On June 20, 2002 the Ministry of Foreign Trade and Economic Cooperation (MOFTEC) announced “Notification of Setup of Foreign Investment Logistics Enterprises (FILEs)”, identifying eight regions selected to enjoy more favorable and flexible logistics policy for MNCs. The eight regions are Juangsu, Zhejiang, Guangdong, Beijing, Tianjin, Shanghai and Shenzhen. The new FILEs must have a registered capital no less than 5 million US dollars and less than 50% foreign ownership. FILEs are allowed to engage in an integrated logistics services combining transportation, warehousing, valued-added processes, import & and export, etc. The permitted activity includes international logistics and third party logistics.
In the west of China, drivers must be cautious to navigate the steep-slopes around the mountains. The terrain restricts vehicles to speeds of 10 miles/hour for long periods. Only very skilled drivers can ship bulky products in this way. In fact, drivers from the east often employ local drivers to help them over the mountain roads.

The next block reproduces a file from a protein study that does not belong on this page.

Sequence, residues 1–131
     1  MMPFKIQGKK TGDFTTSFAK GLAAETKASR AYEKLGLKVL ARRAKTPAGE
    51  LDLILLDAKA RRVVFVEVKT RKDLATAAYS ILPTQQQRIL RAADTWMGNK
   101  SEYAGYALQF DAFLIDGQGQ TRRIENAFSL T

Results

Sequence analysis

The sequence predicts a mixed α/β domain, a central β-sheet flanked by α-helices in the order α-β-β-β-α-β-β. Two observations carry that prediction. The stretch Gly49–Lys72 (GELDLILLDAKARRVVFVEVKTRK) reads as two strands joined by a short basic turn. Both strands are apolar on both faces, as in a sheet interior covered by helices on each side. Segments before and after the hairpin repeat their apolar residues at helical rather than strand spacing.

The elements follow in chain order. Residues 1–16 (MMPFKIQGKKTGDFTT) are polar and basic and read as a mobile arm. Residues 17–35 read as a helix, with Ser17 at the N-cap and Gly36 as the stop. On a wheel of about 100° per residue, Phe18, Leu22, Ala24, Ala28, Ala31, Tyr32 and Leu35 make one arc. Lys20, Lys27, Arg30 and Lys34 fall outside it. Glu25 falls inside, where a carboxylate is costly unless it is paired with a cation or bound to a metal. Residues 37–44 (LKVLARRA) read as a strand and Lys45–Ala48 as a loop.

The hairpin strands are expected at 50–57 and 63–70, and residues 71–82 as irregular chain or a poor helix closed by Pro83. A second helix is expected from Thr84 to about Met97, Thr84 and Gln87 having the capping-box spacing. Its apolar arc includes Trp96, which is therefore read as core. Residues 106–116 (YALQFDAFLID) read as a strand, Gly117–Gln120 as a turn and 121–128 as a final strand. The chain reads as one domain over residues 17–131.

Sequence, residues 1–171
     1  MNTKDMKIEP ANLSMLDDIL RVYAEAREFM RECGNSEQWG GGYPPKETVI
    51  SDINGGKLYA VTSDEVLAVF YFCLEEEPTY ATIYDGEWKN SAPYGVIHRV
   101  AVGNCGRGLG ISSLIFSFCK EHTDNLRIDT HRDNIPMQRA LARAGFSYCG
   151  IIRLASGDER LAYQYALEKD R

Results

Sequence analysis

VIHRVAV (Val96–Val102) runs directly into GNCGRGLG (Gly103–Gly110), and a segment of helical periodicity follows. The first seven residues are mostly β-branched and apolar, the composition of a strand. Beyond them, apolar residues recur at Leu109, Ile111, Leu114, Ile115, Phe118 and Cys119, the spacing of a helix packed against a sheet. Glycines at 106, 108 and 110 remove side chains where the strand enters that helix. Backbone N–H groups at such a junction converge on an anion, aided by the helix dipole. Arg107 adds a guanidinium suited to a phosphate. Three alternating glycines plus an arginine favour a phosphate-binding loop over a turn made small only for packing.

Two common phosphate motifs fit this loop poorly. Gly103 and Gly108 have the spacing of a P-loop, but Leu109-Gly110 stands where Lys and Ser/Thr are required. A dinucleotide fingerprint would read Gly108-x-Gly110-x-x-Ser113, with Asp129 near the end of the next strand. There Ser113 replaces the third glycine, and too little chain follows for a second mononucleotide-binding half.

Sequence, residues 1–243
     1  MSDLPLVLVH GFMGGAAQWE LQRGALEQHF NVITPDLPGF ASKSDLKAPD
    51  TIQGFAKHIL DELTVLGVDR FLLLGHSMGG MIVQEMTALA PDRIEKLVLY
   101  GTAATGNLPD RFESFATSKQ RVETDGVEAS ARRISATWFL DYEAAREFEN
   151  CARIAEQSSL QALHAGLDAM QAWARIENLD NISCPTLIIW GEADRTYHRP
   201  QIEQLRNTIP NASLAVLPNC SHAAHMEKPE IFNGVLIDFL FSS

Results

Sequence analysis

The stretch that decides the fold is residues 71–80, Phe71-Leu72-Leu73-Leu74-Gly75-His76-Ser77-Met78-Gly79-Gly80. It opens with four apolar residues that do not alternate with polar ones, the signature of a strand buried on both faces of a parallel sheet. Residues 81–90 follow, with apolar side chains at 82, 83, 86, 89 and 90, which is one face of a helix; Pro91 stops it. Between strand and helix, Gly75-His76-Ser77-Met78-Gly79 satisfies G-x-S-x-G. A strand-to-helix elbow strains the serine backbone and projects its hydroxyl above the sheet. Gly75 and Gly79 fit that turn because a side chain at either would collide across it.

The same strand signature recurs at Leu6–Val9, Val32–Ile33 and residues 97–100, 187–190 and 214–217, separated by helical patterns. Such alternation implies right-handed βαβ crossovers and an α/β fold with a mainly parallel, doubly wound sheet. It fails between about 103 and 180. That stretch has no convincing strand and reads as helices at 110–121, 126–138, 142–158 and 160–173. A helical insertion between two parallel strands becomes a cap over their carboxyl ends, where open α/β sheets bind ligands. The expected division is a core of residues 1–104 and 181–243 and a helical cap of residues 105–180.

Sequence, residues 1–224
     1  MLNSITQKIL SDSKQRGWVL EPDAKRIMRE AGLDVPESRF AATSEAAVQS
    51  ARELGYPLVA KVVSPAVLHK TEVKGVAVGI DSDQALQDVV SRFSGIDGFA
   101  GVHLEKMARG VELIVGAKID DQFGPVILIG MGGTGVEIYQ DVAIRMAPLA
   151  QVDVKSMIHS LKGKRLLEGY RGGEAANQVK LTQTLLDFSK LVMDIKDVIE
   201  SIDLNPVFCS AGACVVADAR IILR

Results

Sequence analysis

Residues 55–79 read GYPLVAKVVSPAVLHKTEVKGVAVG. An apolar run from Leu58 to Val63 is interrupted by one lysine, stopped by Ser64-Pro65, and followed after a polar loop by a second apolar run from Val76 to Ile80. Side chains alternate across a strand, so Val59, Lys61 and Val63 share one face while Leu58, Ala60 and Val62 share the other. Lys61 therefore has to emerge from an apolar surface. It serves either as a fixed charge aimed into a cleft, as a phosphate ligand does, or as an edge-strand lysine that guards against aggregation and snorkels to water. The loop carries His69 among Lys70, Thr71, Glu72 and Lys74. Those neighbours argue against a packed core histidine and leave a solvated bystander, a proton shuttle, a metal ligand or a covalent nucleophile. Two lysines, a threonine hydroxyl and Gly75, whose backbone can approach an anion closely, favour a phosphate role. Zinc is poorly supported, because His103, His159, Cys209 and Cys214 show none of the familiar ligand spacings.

In the north, the main challenge is the very cold winter. Currently there are two routes to this region: one is by land from Beijing by truck or -- a distance of more than 1000 kilometers; the other is by ferry from the Bohai Gulf overnight from Yantai on the Shandong Peninsula to Dalin and then by truck. For many commodities, the hot sales season is just before the Spring Festival. During this period, both routes operate at capacity and producers are hard pressed to deliver products to the region at this peak period. Rail delivery usually takes one or two weeks to this region because of frequent interlining, and the thick-snow and ice in road slows truck travel to tortoise pace. Ferry delivery, storm is subject to the volatile winter weather around the gulf and ferry capacity is limited.
A famous beer manufacturer in China typically relies on rail, getting its products to the northeast region in 5 or 6 train components of 300 tons per shipment. During the peak Spring Festival, all products are immediately shipped out once they reach the end of production line. Sometimes the manufacturer resorts to ferry and truck delivery.